Reading, and all that goes with it
I wonder how many books my young grandchildren and I shared while I stayed with them last weekend. Of course, I had neither the time nor the energy to count books during those three days, but reading them together was a pleasure, as it is every time I’m with the children.
Besides, during those three days, reading was a grand—and rare – opportunity for Grandma to sit down.
I think most grandparents read with their little ones. For one thing, it’s the easiest way to corral the sweet creatures and get them to cuddle up for more than half a minute.
Last weekend, I appreciated that in the midst of sibling conflict over a toy or during a pre-nap time when nothing else seemed to suit Miss Abby, a book served to smooth her ruffled feelings. Also, when I am holding a two-year-old and a four-year-old on my crowded lap, it is possible to randomly kiss the top of either blonde head whenever the notion strikes me, which is often.
If Abby wanted me to read to her, she’d choose a book (or, more likely, three of them) from the shelves in the toy corner of the living room and trot over to me with her selection.
We’d settle into her dad’s leather chair, wiggle around until we were comfy and read a few pages.
At that point, across the room, busily lining up Matchbox cars and murmuring to their imaginary drivers as he organized them for a race, Adam would look up from his play.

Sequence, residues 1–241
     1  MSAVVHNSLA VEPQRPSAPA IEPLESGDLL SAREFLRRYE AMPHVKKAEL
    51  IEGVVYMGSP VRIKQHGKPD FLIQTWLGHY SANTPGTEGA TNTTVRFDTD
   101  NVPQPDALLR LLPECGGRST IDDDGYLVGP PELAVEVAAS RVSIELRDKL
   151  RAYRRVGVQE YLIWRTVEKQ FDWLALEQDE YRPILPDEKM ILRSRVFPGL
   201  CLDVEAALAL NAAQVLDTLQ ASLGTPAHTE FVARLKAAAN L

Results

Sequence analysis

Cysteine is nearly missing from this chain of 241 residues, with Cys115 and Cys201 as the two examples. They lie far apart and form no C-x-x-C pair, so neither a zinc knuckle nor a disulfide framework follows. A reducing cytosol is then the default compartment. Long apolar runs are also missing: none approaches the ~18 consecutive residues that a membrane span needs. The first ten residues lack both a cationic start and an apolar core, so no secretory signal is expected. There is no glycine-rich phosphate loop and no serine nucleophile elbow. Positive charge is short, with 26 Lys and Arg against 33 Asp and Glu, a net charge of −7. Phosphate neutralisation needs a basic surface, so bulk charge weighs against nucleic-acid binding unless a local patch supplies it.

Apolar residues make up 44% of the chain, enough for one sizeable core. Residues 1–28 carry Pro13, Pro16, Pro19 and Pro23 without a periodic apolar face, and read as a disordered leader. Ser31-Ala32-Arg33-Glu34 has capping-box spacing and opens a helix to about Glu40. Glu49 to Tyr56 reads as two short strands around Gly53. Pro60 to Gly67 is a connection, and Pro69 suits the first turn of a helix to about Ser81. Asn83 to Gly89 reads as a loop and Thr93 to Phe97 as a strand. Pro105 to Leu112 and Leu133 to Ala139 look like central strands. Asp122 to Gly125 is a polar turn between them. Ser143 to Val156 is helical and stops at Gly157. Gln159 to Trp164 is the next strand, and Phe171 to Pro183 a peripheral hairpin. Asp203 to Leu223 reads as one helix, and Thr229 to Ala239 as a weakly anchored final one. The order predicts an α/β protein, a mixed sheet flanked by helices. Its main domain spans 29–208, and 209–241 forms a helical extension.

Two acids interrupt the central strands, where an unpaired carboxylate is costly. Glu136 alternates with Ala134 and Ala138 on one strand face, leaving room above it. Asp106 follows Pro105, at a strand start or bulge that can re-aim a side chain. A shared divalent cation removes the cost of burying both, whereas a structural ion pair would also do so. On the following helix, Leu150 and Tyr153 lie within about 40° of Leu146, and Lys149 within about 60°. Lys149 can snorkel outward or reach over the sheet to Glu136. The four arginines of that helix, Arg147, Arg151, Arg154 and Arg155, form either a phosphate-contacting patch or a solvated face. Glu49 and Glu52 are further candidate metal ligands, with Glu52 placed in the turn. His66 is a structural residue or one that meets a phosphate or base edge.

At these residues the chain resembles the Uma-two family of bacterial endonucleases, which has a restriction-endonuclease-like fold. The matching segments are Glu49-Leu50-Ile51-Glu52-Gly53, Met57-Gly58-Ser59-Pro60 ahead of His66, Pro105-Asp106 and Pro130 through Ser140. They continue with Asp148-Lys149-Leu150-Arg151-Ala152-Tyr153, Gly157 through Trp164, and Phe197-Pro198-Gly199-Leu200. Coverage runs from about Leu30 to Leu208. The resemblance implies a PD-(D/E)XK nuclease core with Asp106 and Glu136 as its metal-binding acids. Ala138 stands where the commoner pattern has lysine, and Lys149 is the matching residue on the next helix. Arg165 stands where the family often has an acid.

Over the top of Abby’s book, I’d notice him frowning as he wrestled with the decision to continue playing cars or abandon them and join us in the leather chair. Joining us invariably won out.
He’d leave the cars, pause at the book shelves long enough to quickly choose three or four of his own books and climb up to wiggle his bony arms and legs into a position he found comfortable.
And the three of us would read. And read. And read.
It’s important to me that my three grandchildren love books and turn to them frequently. I think my granddaughter Annika now uses her daddy’s Kindle sometimes, but she most often settles in with an actual book.
She is a dedicated reader, reminding me a lot of myself when I was ten and the end of school in June meant the library summer reading program began. I loved that summer reading program, loved listing and counting the books I cruised through on lazy vacation days, earning a certificate at summer’s end.
It’s great to see our local library’s summer reading program , tempting young readers with actual prizes. I’m sure lots of local children who participate first made acquaintance with their library when they shyly attended a Reading with Rover session, read aloud to a patient dog and were hooked on books for life.
I’m encouraging my grandchildren to be hooked on books for life, too.